Fifty-year-old Frenchman Ben Lecomte will embark Sunday on a swim from the coast of Chosi, Japan, and intends to stay in the water for six months.
Update: Lecomte is waiting for a piece of equipment to arrive in Japan and will now depart between June 2nd and 4th.
By the end of those six months, Lecomte plans to have swum to San Francisco; he would be the first to swim the Pacific Ocean.
Lecomte, who has been preparing for the upcoming swim for four years, in 1998 claims to have become the first person to swim the Atlantic Ocean without a kickboard. In that attempt he covered 3,700 miles in 73 days – it’s unclear how that happened, however, because that works out to roughly 6.5-minute miles. That would be an impressive distance to run in 73 days, let alone swim, leading to many questions about the veracity of the claim.
As he did in the Atlantic swim, Lecomte will spend his nights on a sailboat. That swim was not verified by Guinness World Records because the sailboat drifted each night, so he did not necessarily begin in the morning where he left off.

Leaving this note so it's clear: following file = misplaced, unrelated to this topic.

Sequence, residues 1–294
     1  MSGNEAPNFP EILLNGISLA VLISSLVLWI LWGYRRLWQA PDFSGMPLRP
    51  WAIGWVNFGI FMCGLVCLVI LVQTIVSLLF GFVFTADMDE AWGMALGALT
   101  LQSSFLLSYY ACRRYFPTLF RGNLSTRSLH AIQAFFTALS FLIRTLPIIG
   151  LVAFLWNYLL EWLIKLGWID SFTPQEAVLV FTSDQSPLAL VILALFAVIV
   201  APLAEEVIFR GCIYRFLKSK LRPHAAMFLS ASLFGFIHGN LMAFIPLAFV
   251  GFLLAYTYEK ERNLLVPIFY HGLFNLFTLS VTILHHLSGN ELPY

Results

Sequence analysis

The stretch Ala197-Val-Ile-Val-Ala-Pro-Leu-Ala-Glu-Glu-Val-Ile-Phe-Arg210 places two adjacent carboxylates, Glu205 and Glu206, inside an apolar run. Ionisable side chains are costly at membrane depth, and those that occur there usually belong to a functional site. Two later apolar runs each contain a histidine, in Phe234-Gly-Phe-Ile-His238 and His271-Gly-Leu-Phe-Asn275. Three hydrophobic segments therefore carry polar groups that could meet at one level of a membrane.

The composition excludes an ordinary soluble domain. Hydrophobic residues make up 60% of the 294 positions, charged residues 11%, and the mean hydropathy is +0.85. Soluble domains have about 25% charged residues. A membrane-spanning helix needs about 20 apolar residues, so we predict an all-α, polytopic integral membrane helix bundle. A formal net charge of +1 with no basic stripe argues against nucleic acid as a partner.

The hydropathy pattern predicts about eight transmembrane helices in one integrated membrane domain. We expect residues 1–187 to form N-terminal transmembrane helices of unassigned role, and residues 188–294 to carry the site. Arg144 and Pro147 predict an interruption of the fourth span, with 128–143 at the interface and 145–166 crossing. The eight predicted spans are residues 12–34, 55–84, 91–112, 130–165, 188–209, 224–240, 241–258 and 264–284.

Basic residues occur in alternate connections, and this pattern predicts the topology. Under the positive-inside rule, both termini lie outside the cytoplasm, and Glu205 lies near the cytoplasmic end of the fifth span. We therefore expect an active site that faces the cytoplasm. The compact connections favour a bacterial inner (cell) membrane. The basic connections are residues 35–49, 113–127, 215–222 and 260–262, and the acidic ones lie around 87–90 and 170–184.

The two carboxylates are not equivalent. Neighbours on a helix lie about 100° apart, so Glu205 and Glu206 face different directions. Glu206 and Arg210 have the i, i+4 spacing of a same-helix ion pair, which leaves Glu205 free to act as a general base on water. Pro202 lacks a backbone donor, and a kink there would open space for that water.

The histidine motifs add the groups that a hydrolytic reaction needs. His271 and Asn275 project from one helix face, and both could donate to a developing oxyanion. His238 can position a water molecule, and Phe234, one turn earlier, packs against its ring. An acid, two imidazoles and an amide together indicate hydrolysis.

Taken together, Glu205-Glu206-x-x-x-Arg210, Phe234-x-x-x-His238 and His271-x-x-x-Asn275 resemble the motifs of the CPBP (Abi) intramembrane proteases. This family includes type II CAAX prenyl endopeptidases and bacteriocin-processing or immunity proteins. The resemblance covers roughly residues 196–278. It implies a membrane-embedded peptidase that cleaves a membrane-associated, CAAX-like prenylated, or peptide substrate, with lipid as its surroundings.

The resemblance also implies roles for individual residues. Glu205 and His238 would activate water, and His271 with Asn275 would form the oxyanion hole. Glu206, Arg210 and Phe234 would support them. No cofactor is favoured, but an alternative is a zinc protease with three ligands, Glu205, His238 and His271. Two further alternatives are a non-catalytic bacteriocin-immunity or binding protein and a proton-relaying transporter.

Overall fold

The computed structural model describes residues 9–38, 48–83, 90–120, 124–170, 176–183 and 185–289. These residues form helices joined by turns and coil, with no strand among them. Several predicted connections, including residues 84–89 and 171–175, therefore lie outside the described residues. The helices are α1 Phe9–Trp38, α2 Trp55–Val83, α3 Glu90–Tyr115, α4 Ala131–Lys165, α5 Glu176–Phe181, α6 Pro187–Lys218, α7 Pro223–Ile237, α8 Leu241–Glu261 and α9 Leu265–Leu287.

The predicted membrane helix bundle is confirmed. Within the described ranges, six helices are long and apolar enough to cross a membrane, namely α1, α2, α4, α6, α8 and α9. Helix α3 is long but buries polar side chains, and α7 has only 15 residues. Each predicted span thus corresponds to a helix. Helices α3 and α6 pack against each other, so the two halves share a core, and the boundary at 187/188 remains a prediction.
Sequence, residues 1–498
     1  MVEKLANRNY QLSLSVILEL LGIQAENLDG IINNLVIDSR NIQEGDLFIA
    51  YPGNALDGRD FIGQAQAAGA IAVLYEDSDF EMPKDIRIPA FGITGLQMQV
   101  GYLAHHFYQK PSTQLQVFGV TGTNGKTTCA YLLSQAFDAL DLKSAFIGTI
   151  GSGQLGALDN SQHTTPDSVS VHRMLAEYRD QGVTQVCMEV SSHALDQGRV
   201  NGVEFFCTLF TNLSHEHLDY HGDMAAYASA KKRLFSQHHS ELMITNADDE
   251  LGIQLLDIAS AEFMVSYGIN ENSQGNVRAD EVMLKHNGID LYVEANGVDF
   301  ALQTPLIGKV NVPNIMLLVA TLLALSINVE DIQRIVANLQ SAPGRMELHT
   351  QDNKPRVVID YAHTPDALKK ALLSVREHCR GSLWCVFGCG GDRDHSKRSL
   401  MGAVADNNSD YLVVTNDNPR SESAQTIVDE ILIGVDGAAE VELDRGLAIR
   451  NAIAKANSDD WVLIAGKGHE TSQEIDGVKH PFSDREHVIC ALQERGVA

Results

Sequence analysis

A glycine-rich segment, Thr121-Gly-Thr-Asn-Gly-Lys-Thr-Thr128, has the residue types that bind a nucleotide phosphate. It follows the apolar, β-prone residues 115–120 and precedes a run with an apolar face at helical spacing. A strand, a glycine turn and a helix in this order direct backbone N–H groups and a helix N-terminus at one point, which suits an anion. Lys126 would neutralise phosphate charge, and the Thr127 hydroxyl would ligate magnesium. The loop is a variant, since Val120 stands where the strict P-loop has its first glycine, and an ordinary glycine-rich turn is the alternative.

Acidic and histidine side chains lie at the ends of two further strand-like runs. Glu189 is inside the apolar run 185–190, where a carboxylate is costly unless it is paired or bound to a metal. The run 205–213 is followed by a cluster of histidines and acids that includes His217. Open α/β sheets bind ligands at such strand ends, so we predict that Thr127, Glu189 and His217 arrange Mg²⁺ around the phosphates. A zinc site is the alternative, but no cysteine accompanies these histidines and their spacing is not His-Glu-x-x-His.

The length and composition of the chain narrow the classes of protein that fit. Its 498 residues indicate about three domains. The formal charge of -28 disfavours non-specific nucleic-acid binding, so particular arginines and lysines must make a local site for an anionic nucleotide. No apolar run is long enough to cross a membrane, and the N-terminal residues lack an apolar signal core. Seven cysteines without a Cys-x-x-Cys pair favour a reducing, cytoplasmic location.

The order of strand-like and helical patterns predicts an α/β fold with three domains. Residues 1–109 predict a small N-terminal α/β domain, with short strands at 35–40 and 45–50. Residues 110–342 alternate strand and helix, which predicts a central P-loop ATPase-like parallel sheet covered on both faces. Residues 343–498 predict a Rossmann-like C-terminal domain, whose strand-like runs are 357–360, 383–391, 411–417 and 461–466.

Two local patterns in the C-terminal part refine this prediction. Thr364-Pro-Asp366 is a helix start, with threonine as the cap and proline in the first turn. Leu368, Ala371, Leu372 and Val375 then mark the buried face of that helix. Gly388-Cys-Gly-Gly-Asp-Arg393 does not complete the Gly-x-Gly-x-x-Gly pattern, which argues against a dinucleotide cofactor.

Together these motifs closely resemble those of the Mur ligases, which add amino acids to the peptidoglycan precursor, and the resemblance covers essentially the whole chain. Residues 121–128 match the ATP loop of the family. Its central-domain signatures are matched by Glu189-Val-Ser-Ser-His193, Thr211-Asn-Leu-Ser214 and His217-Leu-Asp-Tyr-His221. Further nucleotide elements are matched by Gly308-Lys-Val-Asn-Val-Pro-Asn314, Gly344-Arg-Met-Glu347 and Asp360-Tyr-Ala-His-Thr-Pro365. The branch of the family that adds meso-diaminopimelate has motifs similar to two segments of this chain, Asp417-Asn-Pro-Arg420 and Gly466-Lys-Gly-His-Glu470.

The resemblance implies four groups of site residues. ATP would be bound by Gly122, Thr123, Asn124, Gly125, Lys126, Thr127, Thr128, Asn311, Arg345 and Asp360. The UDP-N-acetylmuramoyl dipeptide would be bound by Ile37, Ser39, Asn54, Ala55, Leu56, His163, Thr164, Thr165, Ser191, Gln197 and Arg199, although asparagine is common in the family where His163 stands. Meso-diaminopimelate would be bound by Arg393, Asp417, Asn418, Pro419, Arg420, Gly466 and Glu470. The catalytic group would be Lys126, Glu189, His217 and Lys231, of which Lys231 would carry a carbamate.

This time, he is scheduled to swim for eight hours and says he will ideally cover 30 miles each day – that’s averaging 16-minute miles for about 5,500 miles. He will be accompanied by an eight-person crew and has financial backers including Discovery lined up. Seeker.com, will also feature video updates throughout the swim on its “The Swim” homepage.
Additionally, 13 institutions (including NASA) will conduct scientific research on various aspects of the swim, including water quality, trash presence, and the effects of the swim on Lecomte’s body. He will wear an extensive amount of equipment to track his state for both safety and scientific reasons.
To train for the massive undertaking, Lecomte swims six hours a day in open water.
“But an adventure like this is really mind over matter,” he told the Washington Post. “I’m not trying to swim faster than anybody else. I’m just trying to log my time and my hours per day. What is important is knowing what you’re going to do with your mind.”